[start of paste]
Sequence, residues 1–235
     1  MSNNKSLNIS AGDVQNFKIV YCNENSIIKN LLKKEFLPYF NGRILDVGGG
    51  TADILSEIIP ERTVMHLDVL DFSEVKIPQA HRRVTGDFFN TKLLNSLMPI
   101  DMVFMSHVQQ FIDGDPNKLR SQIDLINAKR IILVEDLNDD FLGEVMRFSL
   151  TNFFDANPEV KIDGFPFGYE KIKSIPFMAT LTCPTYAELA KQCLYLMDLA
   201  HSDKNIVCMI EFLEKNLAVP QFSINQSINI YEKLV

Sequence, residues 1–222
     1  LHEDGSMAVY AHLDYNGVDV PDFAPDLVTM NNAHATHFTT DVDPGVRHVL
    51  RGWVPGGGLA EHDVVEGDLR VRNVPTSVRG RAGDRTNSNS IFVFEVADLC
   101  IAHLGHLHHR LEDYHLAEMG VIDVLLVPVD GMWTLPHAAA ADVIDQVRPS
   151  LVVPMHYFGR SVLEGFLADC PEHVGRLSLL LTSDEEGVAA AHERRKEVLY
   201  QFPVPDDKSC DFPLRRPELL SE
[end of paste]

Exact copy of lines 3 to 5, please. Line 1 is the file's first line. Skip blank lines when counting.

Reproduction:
    51  TADILSEIIP ERTVMHLDVL DFSEVKIPQA HRRVTGDFFN TKLLNSLMPI
   101  DMVFMSHVQQ FIDGDPNKLR SQIDLINAKR IILVEDLNDD FLGEVMRFSL
   151  TNFFDANPEV KIDGFPFGYE KIKSIPFMAT LTCPTYAELA KQCLYLMDLA